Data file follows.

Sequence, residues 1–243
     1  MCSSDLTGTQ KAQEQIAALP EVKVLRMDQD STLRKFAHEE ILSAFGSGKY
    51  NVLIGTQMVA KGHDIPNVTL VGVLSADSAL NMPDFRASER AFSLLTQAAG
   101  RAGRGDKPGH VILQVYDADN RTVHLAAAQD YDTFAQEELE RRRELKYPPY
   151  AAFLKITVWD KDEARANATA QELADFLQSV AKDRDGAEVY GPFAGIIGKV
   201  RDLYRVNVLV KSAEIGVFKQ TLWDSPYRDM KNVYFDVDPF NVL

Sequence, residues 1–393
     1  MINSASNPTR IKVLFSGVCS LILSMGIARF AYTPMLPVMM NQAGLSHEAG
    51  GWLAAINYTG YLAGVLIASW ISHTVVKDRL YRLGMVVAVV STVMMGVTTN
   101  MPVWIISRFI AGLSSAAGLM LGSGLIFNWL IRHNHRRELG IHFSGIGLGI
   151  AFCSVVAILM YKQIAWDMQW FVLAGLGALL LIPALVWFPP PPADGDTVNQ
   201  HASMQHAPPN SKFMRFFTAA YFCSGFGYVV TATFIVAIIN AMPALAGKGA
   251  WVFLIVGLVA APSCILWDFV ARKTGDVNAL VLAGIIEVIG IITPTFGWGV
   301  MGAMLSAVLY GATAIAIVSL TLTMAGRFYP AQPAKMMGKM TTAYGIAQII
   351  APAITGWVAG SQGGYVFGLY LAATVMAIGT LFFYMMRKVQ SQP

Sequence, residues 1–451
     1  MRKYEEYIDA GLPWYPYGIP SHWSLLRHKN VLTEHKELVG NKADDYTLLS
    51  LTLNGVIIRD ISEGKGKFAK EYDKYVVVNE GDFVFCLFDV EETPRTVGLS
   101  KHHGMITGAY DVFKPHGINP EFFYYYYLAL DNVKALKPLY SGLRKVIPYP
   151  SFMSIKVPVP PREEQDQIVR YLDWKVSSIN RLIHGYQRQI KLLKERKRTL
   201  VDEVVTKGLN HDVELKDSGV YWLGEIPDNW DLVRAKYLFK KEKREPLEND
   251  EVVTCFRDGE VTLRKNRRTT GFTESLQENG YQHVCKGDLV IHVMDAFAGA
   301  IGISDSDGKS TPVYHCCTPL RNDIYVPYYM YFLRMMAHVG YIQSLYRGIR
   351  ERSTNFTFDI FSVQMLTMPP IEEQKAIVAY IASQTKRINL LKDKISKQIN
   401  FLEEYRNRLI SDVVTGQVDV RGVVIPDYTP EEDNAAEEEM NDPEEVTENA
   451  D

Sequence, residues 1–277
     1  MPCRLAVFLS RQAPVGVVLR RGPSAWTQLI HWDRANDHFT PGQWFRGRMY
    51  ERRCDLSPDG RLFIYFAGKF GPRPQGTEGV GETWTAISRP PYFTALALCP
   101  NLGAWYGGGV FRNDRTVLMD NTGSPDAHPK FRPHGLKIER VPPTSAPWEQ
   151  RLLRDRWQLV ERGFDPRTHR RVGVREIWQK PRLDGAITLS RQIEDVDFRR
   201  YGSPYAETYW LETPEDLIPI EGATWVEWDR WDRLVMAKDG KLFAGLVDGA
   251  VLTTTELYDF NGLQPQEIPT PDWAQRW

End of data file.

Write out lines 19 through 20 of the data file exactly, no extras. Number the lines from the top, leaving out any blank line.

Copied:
   101  KHHGMITGAY DVFKPHGINP EFFYYYYLAL DNVKALKPLY SGLRKVIPYP
   151  SFMSIKVPVP PREEQDQIVR YLDWKVSSIN RLIHGYQRQI KLLKERKRTL